Open Access Articles- Top Results for Bizcocho


For other uses, see Bizcocho (disambiguation).
A bizcocho from Asturias, Spain.
Type Pastry and cookies
16x16px Cookbook:Bizcocho  16x16px Bizcocho

Bizcocho (Spanish pronunciation: [biθˈkot͡ʃo] or [bisˈkot͡ʃo]) is the name given in the Spanish-speaking world to a wide range of pastries, cakes or cookies. The exact product to which the word bizcocho is applied varies widely depending on the region and country. For instance, in Spain bizcocho is exclusively used to refer to sponge cake. In turn, in Uruguay, most buttery flaky pastry including croissants are termed bizcocho, whilst sponge cake is called bizcochuelo. In turn, in Chile, Dominican Republic or Bolivia bizcocho refers to a sweet dough (masa) baked with local ingredients, not dissimilar from the bizcocho from Spain. In Ecuador the dough of a bizcocho can either be sweet or salty. The US state New Mexico is unusual in using the diminutive form of the name, bizcochito, as the name for a locally developed and very popular cookie.

Types of bizcochos

Croissants or Cruasanes (as they are known in Uruguay.)
File:Factura membrillo.jpg
Margarita with dulce de membrillo (a sweet quince paste.)

Some of the most usual types of bizcochos are:

  • Cruasanes [kɾwaˈsanes] or Croissants: Croissants are called bizcocho in Uruguay. They can be sweet (cruasanes dulces, with sugar or chocolate on top) or savory (cruasanes salados, sometimes with cheese on top). Croissants can also be filled with pastry cream, dulce de membrillo (a sweet quince paste), dulce de leche for the sweet ones or cheese, ham or salami for the savory ones. Croissants in Argentina are known as facturas, not bizcochos.
  • Margaritas: They are a variation of croissants with the extremes put together, found both in Uruguay and Argentina, leaving some space in the middle for a filling (pastry cream, dulce de membrillo or dulce de leche). They have sugar on top of the pastry and the filling. Margaritas are always sweet and they got their name from the flower they resemble (a daisy, known in Spanish as "margarita").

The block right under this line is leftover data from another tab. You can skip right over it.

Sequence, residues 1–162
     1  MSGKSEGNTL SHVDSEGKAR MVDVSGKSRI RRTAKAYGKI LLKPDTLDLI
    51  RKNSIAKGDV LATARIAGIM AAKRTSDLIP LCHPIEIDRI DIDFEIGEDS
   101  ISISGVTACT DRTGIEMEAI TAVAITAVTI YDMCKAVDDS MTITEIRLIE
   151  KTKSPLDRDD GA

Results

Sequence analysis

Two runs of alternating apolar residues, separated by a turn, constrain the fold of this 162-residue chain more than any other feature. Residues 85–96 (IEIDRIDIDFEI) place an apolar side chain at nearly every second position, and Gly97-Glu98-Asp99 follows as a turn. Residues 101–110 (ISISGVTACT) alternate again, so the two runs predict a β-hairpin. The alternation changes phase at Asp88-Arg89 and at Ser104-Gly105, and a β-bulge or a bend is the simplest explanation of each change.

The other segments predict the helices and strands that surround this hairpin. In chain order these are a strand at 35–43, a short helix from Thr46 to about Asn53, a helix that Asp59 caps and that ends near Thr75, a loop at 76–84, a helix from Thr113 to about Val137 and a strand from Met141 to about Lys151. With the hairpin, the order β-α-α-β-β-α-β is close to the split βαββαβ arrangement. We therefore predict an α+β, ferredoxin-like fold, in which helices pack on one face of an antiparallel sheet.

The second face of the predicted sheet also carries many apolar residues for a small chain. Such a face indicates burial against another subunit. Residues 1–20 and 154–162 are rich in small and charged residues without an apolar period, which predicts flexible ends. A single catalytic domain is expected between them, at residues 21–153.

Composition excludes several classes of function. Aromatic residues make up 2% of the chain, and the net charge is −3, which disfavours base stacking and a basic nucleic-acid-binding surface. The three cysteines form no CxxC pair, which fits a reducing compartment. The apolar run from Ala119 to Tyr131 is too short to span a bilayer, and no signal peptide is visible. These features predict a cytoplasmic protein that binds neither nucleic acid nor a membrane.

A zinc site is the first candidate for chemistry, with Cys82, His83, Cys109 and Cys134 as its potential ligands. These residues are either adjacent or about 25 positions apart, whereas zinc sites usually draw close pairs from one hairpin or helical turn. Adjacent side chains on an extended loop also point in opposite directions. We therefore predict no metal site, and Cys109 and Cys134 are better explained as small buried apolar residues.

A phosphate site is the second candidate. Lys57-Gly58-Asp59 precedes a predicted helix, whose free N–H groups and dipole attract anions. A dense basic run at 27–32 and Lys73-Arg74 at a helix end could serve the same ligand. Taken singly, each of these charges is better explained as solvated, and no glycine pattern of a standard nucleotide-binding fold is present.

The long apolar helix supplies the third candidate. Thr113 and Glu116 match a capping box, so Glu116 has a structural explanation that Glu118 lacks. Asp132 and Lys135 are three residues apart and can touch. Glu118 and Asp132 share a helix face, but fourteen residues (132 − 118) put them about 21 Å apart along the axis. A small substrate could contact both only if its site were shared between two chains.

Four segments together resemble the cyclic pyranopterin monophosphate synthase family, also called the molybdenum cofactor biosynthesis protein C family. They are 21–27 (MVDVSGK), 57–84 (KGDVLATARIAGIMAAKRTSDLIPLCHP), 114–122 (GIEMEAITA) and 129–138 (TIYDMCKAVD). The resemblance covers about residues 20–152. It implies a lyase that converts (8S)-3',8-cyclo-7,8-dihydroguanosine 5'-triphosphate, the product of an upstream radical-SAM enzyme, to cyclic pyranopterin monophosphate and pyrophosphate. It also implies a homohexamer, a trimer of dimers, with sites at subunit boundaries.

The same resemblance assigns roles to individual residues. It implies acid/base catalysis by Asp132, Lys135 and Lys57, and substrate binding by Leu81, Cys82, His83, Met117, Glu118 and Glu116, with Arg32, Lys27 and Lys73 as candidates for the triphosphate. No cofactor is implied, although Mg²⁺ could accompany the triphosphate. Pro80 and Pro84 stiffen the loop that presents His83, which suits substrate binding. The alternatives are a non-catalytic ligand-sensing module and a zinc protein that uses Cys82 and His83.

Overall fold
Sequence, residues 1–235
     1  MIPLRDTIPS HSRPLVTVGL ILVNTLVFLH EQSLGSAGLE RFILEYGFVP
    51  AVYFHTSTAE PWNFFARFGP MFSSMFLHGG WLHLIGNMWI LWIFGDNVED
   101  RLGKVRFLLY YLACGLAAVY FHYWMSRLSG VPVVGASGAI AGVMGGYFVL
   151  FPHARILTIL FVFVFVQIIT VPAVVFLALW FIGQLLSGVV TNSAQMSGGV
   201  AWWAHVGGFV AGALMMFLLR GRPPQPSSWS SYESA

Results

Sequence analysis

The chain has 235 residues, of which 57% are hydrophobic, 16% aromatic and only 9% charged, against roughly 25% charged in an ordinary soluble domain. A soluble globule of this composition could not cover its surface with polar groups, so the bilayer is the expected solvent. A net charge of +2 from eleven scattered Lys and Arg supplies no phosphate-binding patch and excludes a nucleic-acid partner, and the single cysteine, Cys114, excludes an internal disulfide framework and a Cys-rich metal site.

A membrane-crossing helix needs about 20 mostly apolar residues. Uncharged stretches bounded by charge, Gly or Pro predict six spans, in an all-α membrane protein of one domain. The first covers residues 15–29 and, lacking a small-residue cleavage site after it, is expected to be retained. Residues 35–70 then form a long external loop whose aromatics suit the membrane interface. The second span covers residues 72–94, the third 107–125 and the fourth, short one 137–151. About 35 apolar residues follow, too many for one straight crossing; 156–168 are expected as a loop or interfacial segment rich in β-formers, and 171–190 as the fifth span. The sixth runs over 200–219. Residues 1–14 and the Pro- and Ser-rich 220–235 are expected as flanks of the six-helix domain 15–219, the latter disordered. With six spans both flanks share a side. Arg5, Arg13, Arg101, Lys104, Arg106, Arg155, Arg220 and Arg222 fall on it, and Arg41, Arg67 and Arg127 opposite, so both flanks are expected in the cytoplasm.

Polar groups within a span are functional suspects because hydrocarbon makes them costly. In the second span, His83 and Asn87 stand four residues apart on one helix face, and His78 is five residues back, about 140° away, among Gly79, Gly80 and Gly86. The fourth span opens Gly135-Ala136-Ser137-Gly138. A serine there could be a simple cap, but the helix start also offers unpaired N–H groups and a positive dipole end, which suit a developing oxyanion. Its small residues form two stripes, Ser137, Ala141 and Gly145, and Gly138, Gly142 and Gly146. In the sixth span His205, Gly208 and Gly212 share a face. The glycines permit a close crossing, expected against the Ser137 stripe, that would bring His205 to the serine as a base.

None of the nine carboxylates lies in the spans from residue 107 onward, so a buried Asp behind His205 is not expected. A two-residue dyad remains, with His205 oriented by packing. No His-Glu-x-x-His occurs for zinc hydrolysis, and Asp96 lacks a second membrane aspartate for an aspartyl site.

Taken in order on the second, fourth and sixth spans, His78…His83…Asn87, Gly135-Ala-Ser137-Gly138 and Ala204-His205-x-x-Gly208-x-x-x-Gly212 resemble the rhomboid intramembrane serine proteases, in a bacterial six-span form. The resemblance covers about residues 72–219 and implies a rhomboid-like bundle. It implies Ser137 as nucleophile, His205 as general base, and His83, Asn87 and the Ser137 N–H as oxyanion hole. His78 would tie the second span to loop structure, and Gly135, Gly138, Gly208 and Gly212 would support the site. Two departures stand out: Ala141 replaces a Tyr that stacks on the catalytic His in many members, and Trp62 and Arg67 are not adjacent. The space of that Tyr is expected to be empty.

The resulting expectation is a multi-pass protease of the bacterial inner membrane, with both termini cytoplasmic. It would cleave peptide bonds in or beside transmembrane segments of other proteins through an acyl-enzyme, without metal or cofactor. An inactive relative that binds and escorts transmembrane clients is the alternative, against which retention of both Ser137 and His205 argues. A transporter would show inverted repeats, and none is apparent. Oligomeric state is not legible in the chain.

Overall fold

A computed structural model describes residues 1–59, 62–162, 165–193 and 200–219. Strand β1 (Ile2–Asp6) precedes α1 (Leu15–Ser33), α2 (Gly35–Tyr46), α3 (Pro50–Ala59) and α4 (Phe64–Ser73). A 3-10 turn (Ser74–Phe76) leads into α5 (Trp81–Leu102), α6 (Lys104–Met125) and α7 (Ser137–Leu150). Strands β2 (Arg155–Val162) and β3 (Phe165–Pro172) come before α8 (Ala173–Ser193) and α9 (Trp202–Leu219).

• Ojitos [oˈxitos]: A kind of round cookie with a space in the middle filled with dulce de membrillo, again from Uruguay.
  • Pan con grasa (same in the plural): This is another kind of bizcocho in Uruguay originated from a type of bread (the cañón). Pan con grasa are the most popular savory bizcochos along with savory croissants.
  • Polvorones [polβoˈɾones]: Another kind of cookie. They can be simple, contain cocoa (known as polvorones de chocolate) or mixed. Originated in Spain, polvorones are called bizcocho exclusively in Uruguay.
  • Sponge Cake: sponge cake is the sole pastry called bizcocho in Spain. It may be baked with chocolate, lemon, yoghurt, etc., in the same manner as any other sponge cake.
  • Vigilantes [bixiˈlantes]: Another sweet variation of croissants. They are long and thin, with sugar on top.


Bizcochos are one of the most intrinsic traditions of the Uruguayan culture. They are the inseparable "companions" of mate, coffee, café con leche or tea for breakfast or the merienda (afternoon tea.) They are also common in meetings with friends, especially those taking place in parks, squares, beaches or along the coastline in ramblas (an avenue bordering the coast with pedestrian areas on each side) such as the ones in Montevideo.

Bizcochos are sold not only at panaderías (bakeries), but also at specialized shops called bizcocherías.

Other uses for the name

In Colombia, bizcocho refers to a handsome older gentleman as well as to a tasty sweet cake.

In Costa Rica, bizcochos are made with masa, with spices, and/or cheese. They are eaten as a snack, specially with during coffee breaks.

In the Dominican Republic, Puerto Rico, and the southern coast of Spain, the word bizcocho translates to cake.

In some parts of Mexico, bizcocho is a very vulgar term, not used in polite company.

In the Philippines, biscocho refers to baked bread topped with butter and sugar.

See also